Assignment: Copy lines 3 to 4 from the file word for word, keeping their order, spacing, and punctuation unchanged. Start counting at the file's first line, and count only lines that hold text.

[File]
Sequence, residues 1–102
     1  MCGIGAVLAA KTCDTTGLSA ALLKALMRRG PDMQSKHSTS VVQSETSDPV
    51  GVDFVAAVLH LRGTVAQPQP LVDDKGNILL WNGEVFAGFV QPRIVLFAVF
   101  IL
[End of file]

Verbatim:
    51  GVDFVAAVLH LRGTVAQPQP LVDDKGNILL WNGEVFAGFV QPRIVLFAVF
   101  IL